Thursday, May 22, 2008
Arkansas Judge Voted Off for Free Speech and Social Justice
Wendell Griffen, a Baptist minister who joined the state's second-highest court in 1996, lost decisively to a juvenile court judge. His opponent did not discuss Griffen's comments during the campaign but credited them in part for her victory.As a staunch advocate for social justice, Griffen had also publicly rejected the "idea that incarceration cures crimes" in a recent interview.
"I think it's fair to say that there were a lot of people in the community who were disappointed with the statements he's made over the years," Judge Rita Gruber said.
Hmmm, guess it's statements like that Gruber found so offensive. Howling Latina can't believe that judges in some states have to run for election. Hell, this guy shouldn't of been voted off the island; after eight long years of Bush idiocy and misery, he should've been awarded the medal of freedom or something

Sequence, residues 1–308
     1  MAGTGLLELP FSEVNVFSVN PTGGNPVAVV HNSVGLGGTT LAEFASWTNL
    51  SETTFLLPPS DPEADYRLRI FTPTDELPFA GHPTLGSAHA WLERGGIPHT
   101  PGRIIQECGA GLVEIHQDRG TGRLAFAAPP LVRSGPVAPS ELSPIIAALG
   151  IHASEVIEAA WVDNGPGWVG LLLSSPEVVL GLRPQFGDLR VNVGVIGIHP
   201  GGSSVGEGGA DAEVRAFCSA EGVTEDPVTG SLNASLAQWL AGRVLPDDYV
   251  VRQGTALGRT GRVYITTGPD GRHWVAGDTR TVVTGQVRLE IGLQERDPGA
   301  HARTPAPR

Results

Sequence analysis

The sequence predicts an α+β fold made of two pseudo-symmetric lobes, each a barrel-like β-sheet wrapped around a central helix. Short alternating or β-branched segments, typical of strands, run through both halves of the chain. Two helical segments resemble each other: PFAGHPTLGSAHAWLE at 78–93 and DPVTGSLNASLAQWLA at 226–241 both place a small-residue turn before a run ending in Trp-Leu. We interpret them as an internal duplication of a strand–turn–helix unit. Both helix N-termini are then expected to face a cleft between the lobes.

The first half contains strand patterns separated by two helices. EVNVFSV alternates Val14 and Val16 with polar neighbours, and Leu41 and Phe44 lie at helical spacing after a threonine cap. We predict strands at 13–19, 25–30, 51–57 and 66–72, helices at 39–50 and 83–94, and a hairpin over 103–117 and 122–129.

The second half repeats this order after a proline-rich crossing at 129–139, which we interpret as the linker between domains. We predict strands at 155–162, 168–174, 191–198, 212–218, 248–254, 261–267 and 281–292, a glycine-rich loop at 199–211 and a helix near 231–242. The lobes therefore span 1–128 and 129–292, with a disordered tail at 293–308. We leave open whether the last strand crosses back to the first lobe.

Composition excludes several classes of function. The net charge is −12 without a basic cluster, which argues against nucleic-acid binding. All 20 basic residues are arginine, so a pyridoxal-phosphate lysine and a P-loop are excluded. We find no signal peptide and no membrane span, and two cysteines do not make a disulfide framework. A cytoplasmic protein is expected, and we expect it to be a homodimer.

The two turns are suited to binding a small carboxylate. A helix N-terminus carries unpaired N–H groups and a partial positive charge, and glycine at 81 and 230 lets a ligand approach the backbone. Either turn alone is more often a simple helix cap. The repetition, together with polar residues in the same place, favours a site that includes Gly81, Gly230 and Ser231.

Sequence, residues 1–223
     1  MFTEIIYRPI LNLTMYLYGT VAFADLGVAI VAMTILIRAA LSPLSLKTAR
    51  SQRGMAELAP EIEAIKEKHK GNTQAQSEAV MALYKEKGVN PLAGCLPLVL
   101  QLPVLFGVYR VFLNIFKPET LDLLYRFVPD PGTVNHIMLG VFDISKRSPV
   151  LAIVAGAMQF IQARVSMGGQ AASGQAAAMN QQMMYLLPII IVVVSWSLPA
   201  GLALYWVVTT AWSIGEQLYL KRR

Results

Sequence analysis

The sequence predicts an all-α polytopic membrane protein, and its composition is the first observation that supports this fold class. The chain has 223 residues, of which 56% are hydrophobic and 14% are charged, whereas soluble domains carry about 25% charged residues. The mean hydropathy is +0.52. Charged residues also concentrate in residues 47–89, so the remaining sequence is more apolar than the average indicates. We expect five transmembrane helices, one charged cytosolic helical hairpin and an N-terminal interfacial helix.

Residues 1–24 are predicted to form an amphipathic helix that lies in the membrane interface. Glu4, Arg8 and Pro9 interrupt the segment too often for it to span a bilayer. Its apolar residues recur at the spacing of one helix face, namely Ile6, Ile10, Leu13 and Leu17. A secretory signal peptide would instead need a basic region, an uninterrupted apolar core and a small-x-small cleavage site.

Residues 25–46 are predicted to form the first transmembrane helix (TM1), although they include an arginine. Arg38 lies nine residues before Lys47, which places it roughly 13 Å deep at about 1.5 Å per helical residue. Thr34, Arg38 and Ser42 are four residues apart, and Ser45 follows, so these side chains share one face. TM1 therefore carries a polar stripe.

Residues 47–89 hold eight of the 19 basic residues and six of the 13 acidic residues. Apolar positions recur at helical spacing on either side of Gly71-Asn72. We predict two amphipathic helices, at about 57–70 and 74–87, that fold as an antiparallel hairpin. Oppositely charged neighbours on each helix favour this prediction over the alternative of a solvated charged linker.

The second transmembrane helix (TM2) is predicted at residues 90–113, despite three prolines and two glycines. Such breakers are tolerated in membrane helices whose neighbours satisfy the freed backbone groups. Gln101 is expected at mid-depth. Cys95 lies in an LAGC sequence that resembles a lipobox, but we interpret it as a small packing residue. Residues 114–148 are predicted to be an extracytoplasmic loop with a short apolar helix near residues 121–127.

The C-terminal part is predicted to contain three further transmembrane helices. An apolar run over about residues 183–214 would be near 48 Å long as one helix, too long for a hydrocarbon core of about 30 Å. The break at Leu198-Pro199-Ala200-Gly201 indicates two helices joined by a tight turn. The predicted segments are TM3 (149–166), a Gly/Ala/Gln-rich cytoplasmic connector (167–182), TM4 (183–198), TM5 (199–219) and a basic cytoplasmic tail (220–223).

"If I told you that I could cure cancer or AIDS, you would pay attention," Wendell Griffen...said in an e-mail interview with EthicsDaily.com.
"If I then said that my cure consists of building more cemeteries and hiring more morticians, you would certainly reject my suggested cure."
"Building more jails and prisons and hiring more jailers and prison guards is to solving crime as building cemeteries and hiring morticians is to curing cancer or AIDS," he said.
Of course, Griffen is African-American and race may have had a little something-something to do with the whole sordid affair.
You see, back in 2002, "[t]he Arkansas Judicial Discipine and Disability Commission sought sanctions against Griffen...after he criticized the University of Arkansas' racial diversity in the wake of the firing of [a]popular basketball coach."
Griffen also sparked controversy after decrying the federal government's callously inept response in the aftermath of Hurricane Katrina.
Fortunately, the ethics panel eventually "dismissed charges that he [had] violated judicial rules by speaking out on political issues." Griffen had the pesky constitution on his side.
"In defending his right to speak freely, Griffen relied mainly on a U.S. Supreme Court case that struck down Minnesota's limits on free speech rights for judges. Arkansas' court rules were similar to Minnesota's. "After the wrongful conviction in Alabama of Don Siegelman and the politicizing of justice under Gonzo, the entire justice system really needs to be revamped from the ground up; it stinks to high heaven and hell and back.